You do not have to be a Society member to take part in this event, but I hope you leave as one.
-Lanny Lighthill, GM
Join us for Open Studios at Moshi Moshi on Saturday and Sunday, October 28 and 29 from 11:00am to 6:00pm as Tom Reed presents works from his acclaimed book The Granite Avatars of Patagonia and beyond. Tom Reed will be here to answer questions about his current and future work.
My art is black and white photography, inspired by many, but especially by the photographs of Ansel Adams, the plein air paintings of the Sierras by Edgar Payne, the paintings of the Hudson River School, and the deep understanding of aesthetics by my teacher, Dr. Shozo Sato, a master of the fine arts of Japan. All are natural compositions. The medium is digital, each photograph bears my personal “chop,” a stamp that is the traditional way of indicating authorship in Chinese and Japanese ink painting and calligraphy. My prints are archival-quality giclée. I have chosen to use basic, inexpensive cameras to stress the importance of composition in my work. New York photographer Sylvia Plachy helped me to be confident with this choice. The compositions are based largely on the concepts of Japanese flower arranging, incorporating the dominant/subdominant/subordinate tri-unity, as well as abundant use of empty space (in sky, shadow, water or snow).
The experience of awe is central to my orientation as a photographer. Contemplation of beauty has led me to a yin/yang experience of comforting and shocking beauty (corresponding to exhalation and inhalation). I am primarily interested in shocking beauty–what people call a “moving” or “inspiring” scene. I find black and white prints to be more striking and dramatic, and more readily experienced as sublime.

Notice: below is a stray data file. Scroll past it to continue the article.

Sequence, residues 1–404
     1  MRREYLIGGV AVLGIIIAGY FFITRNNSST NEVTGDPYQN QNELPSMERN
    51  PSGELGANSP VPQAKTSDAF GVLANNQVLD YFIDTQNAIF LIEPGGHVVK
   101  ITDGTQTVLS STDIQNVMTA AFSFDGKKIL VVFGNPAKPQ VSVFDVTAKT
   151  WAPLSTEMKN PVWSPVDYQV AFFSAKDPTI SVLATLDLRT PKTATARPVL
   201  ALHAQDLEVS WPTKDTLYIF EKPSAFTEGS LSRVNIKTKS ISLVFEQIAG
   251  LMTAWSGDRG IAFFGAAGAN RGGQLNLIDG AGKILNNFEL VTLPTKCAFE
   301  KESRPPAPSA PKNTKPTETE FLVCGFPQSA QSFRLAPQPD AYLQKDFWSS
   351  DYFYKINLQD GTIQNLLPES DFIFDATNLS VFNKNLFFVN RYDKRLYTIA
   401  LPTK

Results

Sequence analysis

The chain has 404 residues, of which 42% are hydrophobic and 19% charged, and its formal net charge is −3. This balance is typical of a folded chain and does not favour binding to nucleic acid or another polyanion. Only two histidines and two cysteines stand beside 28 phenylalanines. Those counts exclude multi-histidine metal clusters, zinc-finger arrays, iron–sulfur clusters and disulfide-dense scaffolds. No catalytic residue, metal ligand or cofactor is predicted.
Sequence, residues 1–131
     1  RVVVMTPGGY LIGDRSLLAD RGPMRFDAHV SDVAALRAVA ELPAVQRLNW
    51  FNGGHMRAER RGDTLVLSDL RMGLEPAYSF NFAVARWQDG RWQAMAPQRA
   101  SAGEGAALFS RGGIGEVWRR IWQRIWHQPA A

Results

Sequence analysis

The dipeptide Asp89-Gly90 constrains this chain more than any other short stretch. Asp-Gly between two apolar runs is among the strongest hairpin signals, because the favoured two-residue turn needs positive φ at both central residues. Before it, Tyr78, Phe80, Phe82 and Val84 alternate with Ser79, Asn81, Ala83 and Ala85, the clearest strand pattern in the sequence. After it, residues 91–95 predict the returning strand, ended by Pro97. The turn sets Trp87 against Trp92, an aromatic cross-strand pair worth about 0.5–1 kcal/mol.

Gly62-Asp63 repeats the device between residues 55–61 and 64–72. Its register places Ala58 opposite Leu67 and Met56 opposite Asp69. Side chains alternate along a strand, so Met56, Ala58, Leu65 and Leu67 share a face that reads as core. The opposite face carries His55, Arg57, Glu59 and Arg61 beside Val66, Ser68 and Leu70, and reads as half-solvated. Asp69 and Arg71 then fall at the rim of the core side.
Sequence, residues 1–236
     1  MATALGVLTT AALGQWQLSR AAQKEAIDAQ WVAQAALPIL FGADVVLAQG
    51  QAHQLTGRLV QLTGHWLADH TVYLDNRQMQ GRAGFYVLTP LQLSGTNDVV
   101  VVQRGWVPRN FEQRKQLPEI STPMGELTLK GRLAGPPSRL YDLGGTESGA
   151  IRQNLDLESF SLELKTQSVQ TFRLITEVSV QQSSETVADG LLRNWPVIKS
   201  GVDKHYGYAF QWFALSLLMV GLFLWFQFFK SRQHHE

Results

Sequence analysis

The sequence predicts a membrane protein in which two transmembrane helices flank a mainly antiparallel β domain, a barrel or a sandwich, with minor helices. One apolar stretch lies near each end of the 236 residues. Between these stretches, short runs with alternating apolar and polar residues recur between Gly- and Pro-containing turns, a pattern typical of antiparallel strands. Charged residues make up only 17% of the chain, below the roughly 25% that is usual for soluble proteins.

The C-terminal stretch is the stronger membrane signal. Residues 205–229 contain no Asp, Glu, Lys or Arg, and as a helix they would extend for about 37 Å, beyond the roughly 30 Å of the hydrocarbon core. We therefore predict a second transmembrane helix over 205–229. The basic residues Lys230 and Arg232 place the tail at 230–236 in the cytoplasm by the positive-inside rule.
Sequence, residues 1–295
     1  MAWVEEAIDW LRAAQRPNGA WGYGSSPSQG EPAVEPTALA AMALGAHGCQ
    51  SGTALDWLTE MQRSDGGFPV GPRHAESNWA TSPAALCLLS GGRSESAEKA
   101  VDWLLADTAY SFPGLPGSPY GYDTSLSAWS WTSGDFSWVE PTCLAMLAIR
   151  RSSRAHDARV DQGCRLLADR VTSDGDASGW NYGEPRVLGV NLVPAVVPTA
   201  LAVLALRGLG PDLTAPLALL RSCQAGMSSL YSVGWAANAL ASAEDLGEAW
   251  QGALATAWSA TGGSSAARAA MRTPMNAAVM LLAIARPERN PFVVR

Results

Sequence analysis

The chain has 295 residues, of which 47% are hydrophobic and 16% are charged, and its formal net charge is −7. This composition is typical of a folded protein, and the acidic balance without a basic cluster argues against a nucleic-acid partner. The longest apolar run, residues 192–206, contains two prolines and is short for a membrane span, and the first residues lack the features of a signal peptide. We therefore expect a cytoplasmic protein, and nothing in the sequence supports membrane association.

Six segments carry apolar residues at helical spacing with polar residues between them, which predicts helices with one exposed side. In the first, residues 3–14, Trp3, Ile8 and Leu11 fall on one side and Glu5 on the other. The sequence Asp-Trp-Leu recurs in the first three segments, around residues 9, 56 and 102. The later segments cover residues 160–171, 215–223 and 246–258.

If we are presented with an awe-inspiring image of nature, we have the opportunity to feel that emotion fully, and to inquire why we feel it. My suspicion is that most people will then conclude that Nature is in some way sacred, or even divine. Maybe then the dominant utilitarian view of Nature will begin to shift towards one of reverence. This shift is essential in this age of environmental decline. I see my work as a contribution to the very survival of humanity.
It is my hope that my images will bring the viewer to aesthetic arrest, stirring awe and instilling a reverence for the spectacular planet that we inhabit and must care for if our species is to evolve to our full potential.
During this year with Artspan I will reveal some new projects: “The Totems of High Mountain Lakes,” “The Nude Human,” and “Pavement.” The first is due to the Dogpatch studio tour being held on Halloween weekend, the latter two reflect my appreciation of the beauty to be found in the city.
San Francisco, October, 2017
Mits and I love eating tako yaki. My first order was with Mits on my first trip to Japan in 2009. I really didn’t know what to expect but Mits kept raving about the soft, gooey, street confection months before our trip, so anticipation for my first order was high. The tako yaki stall we stumbled onto was close to the Nishiki food market in the covered, downtown, shopping district of Kyoto. The scene unfolding before me was amazingly new: large, whole octopus being plunged into steamy water, batter being poured on to desk-size, iron pans with a hundred half spheres depressed into them, and the deft work of the tako yaki chef as he scraped and turned all the individual pockets of runny batter into spheres as the dough cooked. Upon ordering the chef flipped five into a dish and slathered the steamy balls in thick, salty-sweet sauce then sprinkled shaved bonito (which is a dried and smoked fish) on top.